Study describes the dual role of microRNA during hepatitis C infection

In the battle between a cell and a virus, either side may resort to subterfuge. Molecular messages, which control the cellular machinery both sides need, are vulnerable to interception or forgery. [More]
WHO releases first-ever guidance for chronic hepatitis B treatment

WHO releases first-ever guidance for chronic hepatitis B treatment

WHO today issued its first-ever guidance for the treatment of chronic hepatitis B, a viral infection which is spread through blood and body fluids, attacking the liver and resulting in an estimated 650 000 deaths each year - most of them in low- and middle-income countries. [More]
Understanding strengths and weaknesses of hepatitis C viruses

Understanding strengths and weaknesses of hepatitis C viruses

Using a specially selected library of different hepatitis C viruses, a team of researchers led by Johns Hopkins scientists has identified tiny differences in the pathogens' outer shell proteins that underpin their resistance to antibodies. [More]
Fourth patient dosed in Benitec Biopharma's Phase I/IIa hepatitis C trial

Fourth patient dosed in Benitec Biopharma's Phase I/IIa hepatitis C trial

Benitec Biopharma, a biopharmaceutical company focused on providing potentially curative therapies with its proprietary gene-silencing technology called ddRNAi or "expressed RNAi," today announced that the fourth patient in the company's Phase I/IIa dose escalation clinical trial of its lead program TT-034 for treating hepatitis C was dosed at the Duke Clinical Research Unit. [More]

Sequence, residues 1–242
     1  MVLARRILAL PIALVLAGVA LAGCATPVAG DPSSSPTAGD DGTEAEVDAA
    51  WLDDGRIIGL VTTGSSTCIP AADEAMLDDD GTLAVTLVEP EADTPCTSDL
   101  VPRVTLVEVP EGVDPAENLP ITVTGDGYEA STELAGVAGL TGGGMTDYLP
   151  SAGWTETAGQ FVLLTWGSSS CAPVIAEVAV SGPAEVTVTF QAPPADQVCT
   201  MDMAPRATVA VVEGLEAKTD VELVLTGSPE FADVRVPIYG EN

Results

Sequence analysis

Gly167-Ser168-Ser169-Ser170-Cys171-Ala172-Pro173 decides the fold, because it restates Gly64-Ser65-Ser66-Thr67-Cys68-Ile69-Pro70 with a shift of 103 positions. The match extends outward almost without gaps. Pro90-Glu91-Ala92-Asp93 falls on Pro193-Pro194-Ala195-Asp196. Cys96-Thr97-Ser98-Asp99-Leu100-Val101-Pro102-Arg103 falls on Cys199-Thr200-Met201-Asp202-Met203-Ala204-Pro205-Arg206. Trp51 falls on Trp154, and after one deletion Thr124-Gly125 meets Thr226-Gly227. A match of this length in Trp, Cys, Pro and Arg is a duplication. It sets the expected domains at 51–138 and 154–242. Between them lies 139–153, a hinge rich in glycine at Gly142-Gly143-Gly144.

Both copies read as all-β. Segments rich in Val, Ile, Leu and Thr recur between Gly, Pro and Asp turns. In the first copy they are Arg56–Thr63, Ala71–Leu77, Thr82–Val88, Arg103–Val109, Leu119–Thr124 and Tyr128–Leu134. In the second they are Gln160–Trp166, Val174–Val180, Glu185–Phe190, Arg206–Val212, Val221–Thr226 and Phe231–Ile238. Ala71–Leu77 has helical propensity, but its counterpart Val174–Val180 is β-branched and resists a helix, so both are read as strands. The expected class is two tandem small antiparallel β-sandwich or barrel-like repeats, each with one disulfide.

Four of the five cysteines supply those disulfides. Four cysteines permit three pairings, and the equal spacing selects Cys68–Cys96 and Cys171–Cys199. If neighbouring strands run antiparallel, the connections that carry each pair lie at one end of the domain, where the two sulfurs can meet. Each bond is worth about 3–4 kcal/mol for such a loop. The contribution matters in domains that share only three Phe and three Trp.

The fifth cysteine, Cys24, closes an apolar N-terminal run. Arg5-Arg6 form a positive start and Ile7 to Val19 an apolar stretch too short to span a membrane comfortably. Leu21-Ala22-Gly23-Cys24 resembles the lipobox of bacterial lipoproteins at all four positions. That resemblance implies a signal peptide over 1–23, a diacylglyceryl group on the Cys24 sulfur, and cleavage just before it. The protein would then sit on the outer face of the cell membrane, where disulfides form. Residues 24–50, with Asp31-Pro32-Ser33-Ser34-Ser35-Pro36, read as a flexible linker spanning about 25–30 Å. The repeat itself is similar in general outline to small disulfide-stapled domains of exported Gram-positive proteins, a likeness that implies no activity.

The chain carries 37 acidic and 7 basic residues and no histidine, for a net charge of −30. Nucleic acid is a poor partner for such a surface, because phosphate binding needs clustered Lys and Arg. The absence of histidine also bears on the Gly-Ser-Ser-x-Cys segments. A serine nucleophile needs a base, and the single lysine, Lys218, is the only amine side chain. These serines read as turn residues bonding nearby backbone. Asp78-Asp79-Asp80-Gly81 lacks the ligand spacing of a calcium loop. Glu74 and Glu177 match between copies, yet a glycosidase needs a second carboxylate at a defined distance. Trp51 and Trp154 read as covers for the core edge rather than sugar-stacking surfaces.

Recruitment completed for Phase III PROUD-PV trial of P1101 for treatment of polycythemia vera

Recruitment completed for Phase III PROUD-PV trial of P1101 for treatment of polycythemia vera

PharmaEssentia (Taipei, Taiwan) and AOP Orphan (Vienna, Austria) announce the completion of recruitment for the Phase III trial PROUD-PV to support global marketing of P1101 (Ropeginterferon alfa-2b), a novel, long-acting, mono-pegylated interferon for the first line treatment of polycythemia vera. [More]
Clinical study launched to evaluate effectiveness of new HCV therapy in Washington, D.C.

Clinical study launched to evaluate effectiveness of new HCV therapy in Washington, D.C.

Officials from the National Institutes of Health and the city of Washington, D.C., launched a clinical trial to examine whether primary care physicians and other health care providers, such as nurse practitioners and physician assistants, can use a new antiviral therapy as effectively as specialist physicians to treat people with hepatitis C virus (HCV) infection. [More]
Women for Positive Action introduces new educational tool for women living with HIV

Women for Positive Action introduces new educational tool for women living with HIV

To mark International Women's Day (March 8, 2015), Women for Positive Action has launched a practical and informative new educational tool entitled 'Hepatitis and coinfection in women living with HIV'. Led by a global, multidisciplinary group of experts, Women for Positive Action is committed to addressing the specific concerns of women living with HIV. [More]